Theatre review: The Curse of Elizabeth Faulkner
Edinburgh Fringe Scotsman review: The Curse of Elizabeth Faulkner at Just the Tonic at the Caves (Venue 88), reviewed by David Pollock
Welcome to Thorndyke & Sons, struggling undertakers who have had everything repossessed by the bailiffs – even the front bit of their floor. All that is left are those pointless speakers at either side of the room … and with that meta-gag we get a strong indication of just how smart this spooky farce from the pen of writer Tim Downie is.
Oh, for a bout of smallpox to get business booming again, yearns old man Thorndyke, but all he gets is a request to dig up Elizabeth Faulkner’s grave and lay to rest a curse that has killed every one of her male descendants in their 33rd year.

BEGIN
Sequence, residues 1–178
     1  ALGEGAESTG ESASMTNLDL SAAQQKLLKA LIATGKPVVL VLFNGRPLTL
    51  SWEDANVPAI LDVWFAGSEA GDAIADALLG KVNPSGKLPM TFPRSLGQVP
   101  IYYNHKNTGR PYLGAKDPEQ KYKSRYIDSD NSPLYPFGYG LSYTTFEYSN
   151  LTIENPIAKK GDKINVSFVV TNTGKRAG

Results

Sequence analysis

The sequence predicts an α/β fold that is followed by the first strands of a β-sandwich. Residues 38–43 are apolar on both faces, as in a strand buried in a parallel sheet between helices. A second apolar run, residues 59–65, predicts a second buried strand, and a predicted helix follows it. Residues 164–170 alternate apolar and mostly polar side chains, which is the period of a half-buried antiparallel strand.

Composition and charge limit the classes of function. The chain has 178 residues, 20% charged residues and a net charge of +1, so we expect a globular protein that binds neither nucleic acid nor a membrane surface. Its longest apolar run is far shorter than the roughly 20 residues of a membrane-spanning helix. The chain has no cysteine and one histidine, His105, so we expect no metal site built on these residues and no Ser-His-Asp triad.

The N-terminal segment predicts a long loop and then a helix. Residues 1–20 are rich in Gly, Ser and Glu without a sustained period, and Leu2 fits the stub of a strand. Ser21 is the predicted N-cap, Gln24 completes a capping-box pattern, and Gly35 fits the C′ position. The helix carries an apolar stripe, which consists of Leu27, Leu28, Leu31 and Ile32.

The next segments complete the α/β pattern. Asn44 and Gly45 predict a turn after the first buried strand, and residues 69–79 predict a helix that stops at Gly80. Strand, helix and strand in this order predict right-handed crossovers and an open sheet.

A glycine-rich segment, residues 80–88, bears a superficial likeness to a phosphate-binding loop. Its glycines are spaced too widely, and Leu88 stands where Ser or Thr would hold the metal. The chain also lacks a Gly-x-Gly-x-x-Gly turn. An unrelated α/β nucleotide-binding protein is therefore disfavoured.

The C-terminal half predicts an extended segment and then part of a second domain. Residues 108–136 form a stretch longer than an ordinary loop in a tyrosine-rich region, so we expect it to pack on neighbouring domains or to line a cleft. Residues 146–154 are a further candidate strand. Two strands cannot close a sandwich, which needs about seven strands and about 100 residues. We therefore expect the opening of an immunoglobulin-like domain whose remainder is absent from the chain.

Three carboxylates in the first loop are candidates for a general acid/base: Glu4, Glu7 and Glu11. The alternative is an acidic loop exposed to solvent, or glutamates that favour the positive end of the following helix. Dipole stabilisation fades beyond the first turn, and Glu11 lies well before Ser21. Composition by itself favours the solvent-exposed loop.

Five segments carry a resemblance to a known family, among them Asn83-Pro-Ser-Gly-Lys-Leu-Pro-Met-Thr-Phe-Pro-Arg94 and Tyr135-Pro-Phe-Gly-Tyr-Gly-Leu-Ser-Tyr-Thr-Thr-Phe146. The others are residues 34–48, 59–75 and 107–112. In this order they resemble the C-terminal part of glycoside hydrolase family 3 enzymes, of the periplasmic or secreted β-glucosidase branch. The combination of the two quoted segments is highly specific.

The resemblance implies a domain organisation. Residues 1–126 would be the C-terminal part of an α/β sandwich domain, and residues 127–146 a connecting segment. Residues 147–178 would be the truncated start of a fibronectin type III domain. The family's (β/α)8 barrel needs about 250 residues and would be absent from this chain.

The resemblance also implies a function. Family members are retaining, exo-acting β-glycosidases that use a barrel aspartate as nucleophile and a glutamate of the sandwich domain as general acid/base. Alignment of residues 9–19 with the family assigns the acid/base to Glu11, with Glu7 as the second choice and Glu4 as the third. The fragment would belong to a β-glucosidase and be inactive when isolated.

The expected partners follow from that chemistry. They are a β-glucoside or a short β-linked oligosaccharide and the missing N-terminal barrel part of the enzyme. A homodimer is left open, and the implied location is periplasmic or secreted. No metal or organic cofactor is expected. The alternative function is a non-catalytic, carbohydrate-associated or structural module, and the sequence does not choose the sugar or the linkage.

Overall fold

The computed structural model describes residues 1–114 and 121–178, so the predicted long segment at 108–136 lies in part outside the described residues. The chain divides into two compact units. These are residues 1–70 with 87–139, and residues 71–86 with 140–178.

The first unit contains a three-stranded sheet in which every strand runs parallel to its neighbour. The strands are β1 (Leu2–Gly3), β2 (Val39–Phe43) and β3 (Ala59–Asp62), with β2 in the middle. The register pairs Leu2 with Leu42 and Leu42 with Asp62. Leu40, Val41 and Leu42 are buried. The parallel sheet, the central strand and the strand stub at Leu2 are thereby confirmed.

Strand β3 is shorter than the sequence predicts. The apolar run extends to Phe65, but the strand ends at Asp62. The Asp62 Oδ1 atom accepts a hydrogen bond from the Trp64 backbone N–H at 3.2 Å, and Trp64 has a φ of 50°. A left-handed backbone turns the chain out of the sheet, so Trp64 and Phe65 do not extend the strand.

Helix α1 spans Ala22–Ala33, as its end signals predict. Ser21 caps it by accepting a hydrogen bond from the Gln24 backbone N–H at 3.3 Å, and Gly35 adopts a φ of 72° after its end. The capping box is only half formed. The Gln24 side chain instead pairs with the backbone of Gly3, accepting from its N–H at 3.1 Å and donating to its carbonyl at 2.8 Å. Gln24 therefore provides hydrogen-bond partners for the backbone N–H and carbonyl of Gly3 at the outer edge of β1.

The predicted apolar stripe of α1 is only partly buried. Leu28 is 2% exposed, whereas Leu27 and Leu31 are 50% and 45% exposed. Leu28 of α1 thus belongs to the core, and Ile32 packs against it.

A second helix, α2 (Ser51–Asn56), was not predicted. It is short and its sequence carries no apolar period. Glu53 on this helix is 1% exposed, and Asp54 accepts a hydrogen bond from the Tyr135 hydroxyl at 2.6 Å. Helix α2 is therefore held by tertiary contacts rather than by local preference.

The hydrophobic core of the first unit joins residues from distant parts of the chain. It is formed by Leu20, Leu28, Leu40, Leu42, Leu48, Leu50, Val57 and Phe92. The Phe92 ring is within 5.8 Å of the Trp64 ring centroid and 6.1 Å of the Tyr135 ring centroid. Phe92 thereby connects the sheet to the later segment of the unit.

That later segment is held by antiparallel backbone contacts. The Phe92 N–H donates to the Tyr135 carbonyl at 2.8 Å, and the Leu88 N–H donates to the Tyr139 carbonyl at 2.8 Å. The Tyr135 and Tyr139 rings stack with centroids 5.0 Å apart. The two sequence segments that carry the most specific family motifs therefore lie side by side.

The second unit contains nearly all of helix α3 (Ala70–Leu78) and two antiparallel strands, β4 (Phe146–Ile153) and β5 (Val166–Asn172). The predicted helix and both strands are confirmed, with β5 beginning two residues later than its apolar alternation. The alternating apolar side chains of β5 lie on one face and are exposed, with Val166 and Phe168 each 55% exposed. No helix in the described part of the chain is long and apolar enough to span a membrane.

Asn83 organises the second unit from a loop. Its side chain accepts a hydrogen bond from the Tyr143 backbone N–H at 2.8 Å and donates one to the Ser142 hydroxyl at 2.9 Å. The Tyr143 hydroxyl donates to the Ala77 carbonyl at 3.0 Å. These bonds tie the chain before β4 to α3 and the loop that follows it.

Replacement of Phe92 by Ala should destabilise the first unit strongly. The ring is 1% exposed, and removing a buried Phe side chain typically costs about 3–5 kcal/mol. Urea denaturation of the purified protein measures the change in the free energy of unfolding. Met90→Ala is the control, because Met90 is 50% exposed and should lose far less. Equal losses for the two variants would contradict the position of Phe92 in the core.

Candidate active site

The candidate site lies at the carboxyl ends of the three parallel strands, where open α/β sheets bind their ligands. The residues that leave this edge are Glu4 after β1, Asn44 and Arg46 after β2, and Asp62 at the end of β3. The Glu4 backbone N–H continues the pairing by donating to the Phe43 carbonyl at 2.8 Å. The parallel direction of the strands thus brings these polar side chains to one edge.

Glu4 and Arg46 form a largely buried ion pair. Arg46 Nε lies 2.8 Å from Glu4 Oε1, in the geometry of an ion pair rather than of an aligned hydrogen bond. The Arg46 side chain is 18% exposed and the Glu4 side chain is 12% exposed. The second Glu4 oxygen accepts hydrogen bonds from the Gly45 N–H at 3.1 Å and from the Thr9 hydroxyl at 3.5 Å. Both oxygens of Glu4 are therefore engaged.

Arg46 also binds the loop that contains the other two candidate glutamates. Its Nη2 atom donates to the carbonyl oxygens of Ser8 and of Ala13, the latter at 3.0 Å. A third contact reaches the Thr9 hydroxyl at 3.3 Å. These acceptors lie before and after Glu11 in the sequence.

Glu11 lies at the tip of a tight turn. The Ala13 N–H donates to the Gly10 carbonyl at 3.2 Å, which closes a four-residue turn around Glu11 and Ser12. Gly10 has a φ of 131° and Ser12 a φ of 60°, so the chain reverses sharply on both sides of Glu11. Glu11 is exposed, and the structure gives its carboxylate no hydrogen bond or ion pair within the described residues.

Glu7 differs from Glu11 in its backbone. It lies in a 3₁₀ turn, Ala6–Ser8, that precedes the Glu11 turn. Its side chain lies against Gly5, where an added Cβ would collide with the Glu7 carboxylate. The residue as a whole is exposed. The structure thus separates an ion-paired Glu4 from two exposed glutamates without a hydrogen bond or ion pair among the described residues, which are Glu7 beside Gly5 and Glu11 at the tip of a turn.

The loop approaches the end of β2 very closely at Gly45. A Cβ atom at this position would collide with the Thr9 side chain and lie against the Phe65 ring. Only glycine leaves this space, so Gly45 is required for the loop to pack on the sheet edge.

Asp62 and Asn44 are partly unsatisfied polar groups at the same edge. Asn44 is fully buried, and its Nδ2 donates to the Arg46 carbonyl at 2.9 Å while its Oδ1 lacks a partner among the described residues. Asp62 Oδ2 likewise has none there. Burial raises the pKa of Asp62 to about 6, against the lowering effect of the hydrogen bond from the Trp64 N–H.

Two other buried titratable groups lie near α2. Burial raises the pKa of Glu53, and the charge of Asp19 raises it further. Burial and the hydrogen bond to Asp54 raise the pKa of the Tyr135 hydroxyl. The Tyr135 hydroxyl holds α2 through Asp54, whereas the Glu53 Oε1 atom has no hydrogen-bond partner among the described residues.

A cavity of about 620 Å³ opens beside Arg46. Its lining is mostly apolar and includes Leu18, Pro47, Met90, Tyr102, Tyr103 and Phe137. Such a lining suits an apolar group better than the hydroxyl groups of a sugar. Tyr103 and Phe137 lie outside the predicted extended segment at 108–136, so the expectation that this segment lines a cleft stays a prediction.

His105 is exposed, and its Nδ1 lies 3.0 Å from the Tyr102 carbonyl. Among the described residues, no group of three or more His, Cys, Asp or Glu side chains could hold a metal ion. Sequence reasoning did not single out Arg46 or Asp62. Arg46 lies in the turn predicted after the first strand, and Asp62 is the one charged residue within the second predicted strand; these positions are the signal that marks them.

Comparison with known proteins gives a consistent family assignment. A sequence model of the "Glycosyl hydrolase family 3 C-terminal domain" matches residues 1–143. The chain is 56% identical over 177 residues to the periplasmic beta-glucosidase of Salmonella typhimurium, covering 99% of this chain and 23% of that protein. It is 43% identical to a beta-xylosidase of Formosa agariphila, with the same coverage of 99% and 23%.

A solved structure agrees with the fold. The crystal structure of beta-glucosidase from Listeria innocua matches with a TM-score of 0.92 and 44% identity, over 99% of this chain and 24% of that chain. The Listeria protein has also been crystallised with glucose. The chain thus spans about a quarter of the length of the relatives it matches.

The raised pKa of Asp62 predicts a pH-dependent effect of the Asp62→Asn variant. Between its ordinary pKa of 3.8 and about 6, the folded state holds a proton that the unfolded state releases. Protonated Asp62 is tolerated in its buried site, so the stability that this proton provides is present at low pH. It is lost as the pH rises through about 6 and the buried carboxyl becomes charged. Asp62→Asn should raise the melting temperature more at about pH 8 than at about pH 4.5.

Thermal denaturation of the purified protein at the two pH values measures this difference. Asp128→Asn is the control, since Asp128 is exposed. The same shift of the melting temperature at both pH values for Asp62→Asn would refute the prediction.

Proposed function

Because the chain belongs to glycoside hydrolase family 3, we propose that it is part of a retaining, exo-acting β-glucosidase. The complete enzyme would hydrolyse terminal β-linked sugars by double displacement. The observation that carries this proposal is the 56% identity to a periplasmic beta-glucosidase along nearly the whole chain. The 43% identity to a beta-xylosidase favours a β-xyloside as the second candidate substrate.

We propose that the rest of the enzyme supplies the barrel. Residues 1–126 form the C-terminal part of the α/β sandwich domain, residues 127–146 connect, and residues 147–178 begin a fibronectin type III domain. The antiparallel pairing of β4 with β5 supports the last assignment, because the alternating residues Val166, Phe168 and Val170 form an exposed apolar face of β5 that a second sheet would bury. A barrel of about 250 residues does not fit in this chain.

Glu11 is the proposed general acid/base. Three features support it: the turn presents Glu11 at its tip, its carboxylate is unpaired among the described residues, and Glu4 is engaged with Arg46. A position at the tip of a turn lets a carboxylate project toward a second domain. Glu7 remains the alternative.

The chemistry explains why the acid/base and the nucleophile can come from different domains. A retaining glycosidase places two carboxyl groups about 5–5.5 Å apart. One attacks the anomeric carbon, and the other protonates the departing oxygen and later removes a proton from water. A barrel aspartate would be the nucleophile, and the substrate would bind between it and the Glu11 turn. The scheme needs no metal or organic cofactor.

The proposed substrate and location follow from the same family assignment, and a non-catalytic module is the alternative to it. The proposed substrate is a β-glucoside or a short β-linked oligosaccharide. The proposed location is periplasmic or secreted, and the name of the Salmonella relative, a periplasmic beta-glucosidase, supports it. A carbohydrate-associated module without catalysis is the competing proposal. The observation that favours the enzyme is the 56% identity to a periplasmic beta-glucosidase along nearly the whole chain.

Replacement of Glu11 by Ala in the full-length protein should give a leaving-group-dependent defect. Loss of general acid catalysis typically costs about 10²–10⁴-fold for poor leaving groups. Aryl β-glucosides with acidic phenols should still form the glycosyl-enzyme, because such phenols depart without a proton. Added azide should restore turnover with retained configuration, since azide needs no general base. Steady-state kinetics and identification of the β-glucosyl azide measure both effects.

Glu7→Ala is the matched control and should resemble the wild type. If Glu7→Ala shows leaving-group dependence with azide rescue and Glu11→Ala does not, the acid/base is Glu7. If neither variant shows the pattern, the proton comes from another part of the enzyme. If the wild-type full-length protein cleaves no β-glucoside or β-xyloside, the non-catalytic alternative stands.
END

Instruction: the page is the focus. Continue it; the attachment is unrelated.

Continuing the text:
It’s a knockabout and dryly amusing farce of the kind you would expect to find on prime-time Radio 4, kicked up a notch by four committed comedy performances from Neil Henry, Anil Desai, Harriette Sym and Josh Haberfield, as well as actor and writer Downie’s well-turned way with the amusing politeness of Victorian speech and his ear for a good punchline.
There are few deep belly laughs here, rather a sense that this is a smart comedy which cannily plays around with form and expectation while still bashing out the gags at a commendably high rate.
Originally published in The Scotsman